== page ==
This Week In Review: Week 31

Taco John's Surrenders "Taco Tuesday" Trademark to Taco Bell, Ending Legal Battle

Originally posted by Forbes
Taco John's, the Wyoming-based taco chain, has decided to give up its trademark on the phrase "Taco Tuesday" after facing legal challenges from Taco Bell. The move allows restaurants nationwide to use the phrase freely, ending the "Taco Tuesday" war and a marketing ordeal led by Taco Bell to "liberate" the term.
You can read the whole article here.

Joseph Gordon-Levitt Calls for Mandatory Residuals from AI Training Data

Originally posted by The Hollywood Reporter
Actor Joseph Gordon-Levitt advocates for mandatory residuals to be paid to individuals whose work is used to train generative artificial intelligence (AI) tools and applications. He argues that as AI threatens various professions, including Hollywood actors and writers, those who contributed data to train AI should receive fair compensation for their work.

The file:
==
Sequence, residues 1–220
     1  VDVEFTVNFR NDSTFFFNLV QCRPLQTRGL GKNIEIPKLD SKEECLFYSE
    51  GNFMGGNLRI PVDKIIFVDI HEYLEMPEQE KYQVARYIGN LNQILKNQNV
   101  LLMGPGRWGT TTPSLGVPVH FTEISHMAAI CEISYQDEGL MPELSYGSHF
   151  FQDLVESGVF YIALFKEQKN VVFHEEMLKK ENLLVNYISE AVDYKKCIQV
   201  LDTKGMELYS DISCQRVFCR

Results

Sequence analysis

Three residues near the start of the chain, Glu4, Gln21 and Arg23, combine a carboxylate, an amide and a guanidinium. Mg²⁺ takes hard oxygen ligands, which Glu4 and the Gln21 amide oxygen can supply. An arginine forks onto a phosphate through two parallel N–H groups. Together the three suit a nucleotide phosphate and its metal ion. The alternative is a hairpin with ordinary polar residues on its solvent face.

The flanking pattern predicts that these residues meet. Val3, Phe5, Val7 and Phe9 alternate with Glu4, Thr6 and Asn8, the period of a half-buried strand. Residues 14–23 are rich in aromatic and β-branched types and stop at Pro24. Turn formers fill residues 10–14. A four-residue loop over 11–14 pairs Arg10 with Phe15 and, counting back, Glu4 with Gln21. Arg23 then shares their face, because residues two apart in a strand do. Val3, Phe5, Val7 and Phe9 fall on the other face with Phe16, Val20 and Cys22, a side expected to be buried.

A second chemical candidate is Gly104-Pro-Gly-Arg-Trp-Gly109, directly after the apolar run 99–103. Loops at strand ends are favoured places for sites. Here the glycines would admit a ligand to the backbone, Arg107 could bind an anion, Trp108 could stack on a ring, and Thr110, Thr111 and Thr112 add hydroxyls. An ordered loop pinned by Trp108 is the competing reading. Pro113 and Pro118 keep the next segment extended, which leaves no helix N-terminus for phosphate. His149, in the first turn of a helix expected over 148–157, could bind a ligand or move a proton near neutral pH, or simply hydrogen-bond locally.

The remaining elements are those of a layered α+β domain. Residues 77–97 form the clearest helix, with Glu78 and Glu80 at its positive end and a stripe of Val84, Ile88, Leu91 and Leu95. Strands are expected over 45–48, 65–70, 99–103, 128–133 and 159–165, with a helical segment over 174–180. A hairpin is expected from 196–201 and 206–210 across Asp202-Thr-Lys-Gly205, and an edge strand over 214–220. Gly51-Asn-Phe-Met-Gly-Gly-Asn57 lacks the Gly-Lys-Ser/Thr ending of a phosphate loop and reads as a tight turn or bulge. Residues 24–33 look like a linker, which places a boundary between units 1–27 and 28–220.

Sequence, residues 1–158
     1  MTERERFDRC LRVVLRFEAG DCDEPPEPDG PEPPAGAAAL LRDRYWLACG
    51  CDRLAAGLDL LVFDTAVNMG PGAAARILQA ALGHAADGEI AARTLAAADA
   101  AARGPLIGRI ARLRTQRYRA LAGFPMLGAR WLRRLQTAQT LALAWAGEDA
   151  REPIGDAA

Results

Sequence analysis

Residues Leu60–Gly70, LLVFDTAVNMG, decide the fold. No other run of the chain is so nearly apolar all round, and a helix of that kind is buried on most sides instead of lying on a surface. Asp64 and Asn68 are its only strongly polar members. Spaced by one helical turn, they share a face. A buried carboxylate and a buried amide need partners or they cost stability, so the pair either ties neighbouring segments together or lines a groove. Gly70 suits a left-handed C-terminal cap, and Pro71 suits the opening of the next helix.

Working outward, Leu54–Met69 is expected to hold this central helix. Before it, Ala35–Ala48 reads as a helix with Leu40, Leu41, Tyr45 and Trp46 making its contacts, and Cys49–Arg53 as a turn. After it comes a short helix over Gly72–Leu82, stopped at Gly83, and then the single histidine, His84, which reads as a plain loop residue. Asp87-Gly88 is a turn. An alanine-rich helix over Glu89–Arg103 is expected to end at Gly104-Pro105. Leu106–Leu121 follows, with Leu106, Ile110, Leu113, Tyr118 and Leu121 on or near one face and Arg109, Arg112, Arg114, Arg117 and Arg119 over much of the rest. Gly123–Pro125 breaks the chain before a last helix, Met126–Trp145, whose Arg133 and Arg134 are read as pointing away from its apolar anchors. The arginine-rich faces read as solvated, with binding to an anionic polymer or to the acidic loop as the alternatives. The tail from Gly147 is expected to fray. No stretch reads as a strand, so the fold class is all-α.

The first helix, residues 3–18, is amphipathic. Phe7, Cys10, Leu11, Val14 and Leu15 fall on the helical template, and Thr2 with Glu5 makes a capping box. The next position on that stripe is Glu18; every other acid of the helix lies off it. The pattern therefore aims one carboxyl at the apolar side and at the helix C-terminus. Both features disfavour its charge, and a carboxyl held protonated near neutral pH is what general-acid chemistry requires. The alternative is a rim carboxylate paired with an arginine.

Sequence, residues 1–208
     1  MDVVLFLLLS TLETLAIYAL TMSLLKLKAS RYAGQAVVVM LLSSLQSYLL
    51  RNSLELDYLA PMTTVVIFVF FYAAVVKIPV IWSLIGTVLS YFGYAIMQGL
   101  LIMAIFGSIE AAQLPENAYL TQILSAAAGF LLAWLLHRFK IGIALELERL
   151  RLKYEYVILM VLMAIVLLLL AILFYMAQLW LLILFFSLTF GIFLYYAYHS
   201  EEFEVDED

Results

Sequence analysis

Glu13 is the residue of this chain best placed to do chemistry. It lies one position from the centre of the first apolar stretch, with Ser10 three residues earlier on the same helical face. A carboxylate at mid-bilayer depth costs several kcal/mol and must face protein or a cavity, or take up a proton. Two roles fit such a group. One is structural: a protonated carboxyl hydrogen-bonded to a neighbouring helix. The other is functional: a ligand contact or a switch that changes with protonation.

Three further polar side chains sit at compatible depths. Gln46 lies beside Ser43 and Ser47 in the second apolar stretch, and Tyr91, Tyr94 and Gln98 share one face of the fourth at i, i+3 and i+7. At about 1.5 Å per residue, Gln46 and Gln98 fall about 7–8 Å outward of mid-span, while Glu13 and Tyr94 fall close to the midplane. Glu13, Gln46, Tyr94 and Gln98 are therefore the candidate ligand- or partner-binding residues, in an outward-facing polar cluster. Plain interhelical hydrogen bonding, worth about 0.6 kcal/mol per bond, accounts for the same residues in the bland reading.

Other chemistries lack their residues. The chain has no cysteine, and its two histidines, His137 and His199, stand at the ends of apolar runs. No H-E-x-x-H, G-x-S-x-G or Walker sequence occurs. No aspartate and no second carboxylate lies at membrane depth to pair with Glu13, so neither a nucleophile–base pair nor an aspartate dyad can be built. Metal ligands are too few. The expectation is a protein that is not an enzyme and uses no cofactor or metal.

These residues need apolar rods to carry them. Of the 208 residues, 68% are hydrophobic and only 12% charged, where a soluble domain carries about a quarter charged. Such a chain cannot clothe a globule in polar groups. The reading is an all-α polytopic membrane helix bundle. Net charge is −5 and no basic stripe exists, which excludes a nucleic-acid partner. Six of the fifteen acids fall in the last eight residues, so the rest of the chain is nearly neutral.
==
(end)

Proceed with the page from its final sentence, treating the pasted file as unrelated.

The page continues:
You can read the whole article here.

Germany and US Lead in Unitary Patent Requests, EPO Dashboard Reveals

Originally posted by IPWatchdog
The European Patent Office (EPO) has launched a dashboard on Unitary Patents, revealing over 5,000 requests since its launch on June 1, with Germany and the United States leading in applications. The dashboard provides data on requests by technology field, country of origin, language of translation, proprietors’ profile, and registration status, indicating high interest in the new system.
You can read the whole article here.

YouTube-Ripper Operator Appeals $83 Million RIAA Piracy Lawsuit

Originally posted by TorrentFreak
The RIAA secured a victory in its piracy lawsuit against YouTube-rippers and, demanding $83 million in damages. The platforms' operator, Tofig Kurbanov, has filed an appeal at the Court of Appeals for the Fourth Circuit, challenging the piracy liability ruling and damages award.
You can read the whole article here.

Anthony Fantano Faces Legal Battle with Activision for Misusing Intellectual Property

Originally posted by NME
Anthony Fantano, the music critic, is being sued by Activision for allegedly misusing intellectual property laws and threatening to sue TikTok users who use the audio clip from his viral "Enough slices!" meme. Activision claims that Fantano deliberately made the clip available for use on TikTok, and the lawsuit seeks a ruling that he cannot sue users over the clip.
You can read the whole article here.